‘Bad Vibes’ Emanating from Haunted House of Samuel May Williams Legitimate!

With the most frightening FrankenStorm, Sandy, brushing up against the Eastern Atlantic coast, and a national election just around the bend, that better resembles Hagerstown Turnpike (otherwise known as Bloody Lane) at Antietam; a, oh yea, Halloween is just a few days away, so ghostly spirits are stirred up to a maximum! In October of 2005, I visited Galveston Island, a town already haunted by the memory of pirates (Jean Lafitte) who hid-out there, and by the horrible Hurricane of 1900, I dared to pay a visit to the spooky home of Samuel May Williams (1795-1858).

I studied up as much as I could on the history of the house and on the life of Samuel May Williams and his family, such as his wife, Sarah and their 6 children (who have interesting stories as well). I took a good number of photographs during my visit, but as the Captain’s Curse would have it, these ghostly pics are gathering mold in my Public Storage unit. That’s okay with me; that way they can’t scare the dickens out of me anymore! No matter, Wikipedia has a nice shot (in commons) that I’ll share with you, along with an image of Samuel May (may be a daguerreotype?), which can couple a visage with a rampage of spirit, that still whispers and echoes his secretive doings in Texas (he’s more alive now than ever!).

samuel may williams

Well, I don’t mean to be spinning cotton-candy, ala lying about seeing a ghost at this old house (construction began in 1839), but the more I thought about my visit during the Witching Season of 2005, the more I was convinced, this was a Real Spook House, not a fake haunted house. Some very dark energy trickles forth from this strange abode. I stood directly in front of the house, and could feel the negative field of energy wafting through my body with hot air of ‘say bye bye boy!’ I mean, I’m being metaphorical, I didn’t literally feel hot air, just more of a negativity generating forth. That’s no ghost sighting, I’ll admit!

This morning I boned up on what information is available on the internet, regarding this little known founding father of Texas. Biographical data on Samuel May Williams is a bit sketchy, but what we can learn on the history of the house he built is impressive and much more comprehensive. You’ll have to learn as much as you can on the house, which I will suggest, was practically built with becoming a future haunted house in mind! As for Samuel, or his myth that has been passed on to us, I might suggest, was couched in a grey area of shipping mercantilism, that would probably be illegal today. This is just a hunch, but I suspect some smuggling is implied here.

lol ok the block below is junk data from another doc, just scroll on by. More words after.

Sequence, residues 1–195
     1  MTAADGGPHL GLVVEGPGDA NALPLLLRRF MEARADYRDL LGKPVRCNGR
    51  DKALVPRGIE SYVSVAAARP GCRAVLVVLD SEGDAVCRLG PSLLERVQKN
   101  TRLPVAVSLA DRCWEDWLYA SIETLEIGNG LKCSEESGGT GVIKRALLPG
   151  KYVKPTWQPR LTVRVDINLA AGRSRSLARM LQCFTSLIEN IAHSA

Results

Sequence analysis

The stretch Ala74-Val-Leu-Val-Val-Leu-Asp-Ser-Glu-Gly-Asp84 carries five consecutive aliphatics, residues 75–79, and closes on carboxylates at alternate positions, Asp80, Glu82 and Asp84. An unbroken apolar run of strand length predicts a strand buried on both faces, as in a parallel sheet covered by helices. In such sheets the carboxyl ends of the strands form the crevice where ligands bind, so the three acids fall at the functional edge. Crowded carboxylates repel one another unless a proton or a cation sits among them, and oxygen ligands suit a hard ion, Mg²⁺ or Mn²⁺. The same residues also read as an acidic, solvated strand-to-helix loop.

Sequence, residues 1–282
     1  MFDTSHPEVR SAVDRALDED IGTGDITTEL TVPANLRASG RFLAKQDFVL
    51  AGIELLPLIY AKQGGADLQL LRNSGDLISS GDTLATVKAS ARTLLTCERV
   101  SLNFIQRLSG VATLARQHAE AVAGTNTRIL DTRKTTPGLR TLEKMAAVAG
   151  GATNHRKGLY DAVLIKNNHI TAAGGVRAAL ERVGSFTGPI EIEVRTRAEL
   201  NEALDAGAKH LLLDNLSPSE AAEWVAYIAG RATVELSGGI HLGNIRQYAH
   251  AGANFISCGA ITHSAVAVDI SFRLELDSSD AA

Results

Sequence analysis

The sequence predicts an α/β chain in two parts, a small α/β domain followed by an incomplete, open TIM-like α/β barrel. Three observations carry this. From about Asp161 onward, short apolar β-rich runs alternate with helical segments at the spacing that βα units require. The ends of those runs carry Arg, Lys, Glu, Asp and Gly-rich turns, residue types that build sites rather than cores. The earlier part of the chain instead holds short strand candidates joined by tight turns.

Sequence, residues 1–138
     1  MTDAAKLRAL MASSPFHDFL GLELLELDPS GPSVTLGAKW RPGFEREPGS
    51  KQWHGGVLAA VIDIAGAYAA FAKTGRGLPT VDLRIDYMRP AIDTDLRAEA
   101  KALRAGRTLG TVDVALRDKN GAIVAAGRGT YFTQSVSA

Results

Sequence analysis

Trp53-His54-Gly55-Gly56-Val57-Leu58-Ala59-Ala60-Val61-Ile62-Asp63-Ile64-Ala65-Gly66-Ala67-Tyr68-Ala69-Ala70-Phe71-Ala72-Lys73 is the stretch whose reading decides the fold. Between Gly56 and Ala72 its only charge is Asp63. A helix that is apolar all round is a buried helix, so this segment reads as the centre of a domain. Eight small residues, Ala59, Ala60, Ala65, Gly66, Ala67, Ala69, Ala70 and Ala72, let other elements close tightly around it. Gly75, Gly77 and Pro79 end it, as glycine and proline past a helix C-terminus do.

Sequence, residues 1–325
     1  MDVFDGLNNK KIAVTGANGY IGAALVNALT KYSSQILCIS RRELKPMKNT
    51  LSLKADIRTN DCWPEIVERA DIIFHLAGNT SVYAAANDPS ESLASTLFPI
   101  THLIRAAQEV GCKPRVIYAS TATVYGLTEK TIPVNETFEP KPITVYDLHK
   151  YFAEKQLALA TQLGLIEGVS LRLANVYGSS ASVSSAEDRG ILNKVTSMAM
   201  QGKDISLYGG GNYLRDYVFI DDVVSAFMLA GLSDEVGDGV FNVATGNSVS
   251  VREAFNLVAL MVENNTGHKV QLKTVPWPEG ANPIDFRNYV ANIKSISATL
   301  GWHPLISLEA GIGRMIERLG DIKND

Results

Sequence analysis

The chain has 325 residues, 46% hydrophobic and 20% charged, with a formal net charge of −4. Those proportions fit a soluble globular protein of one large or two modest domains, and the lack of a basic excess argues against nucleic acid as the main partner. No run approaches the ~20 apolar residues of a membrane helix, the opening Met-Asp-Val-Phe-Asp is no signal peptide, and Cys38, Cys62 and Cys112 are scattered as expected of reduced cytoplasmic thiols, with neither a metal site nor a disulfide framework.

Not that Williams was a pirate, or anything, but he seemed to have a monopoly on a portion of the trade that came his way; was the one to start the first bank in Texas, and may have been guilty of an age old deadly sin: GREED! He’s especially known for his parsimoniousness (stingy is probably a better word for him), which resulted in ungodly cruelty, where his bank would foreclose on anyone who faltered on a mortgage loan payment. I will suggest, the bad vibe emanating from the half Creole-plantation abode (the other half is a New England style architecture), was probably due to the grumpy and greedy, disgruntled (Samuel wants more and more money) spirit of a sea captain’s son, who’s ghost screams for more!

smw house

While I didn’t see any actual ghosts myself, you can read up on several paranormal incidents in a book by Alan Brown, The Big Book of Texas Ghost Stories, which has a small section on SMW and his (obviously) haunted house. On one occasion, even a psychic experienced fear in entering the house, since the energy was just too negative. I felt a presence of EVIL there, when experiencing the house in 2005. I betcha, the Galveston Historical Foundation was glad to get out from under it in 2007, since not that many visitors would dare pay to enter this spook house. SMW’s reputation as ‘The Most Hated Man in Texas’ is probably the reason why! It’s the only Real Haunted House I’ve encountered in my life.

Source: Galveston History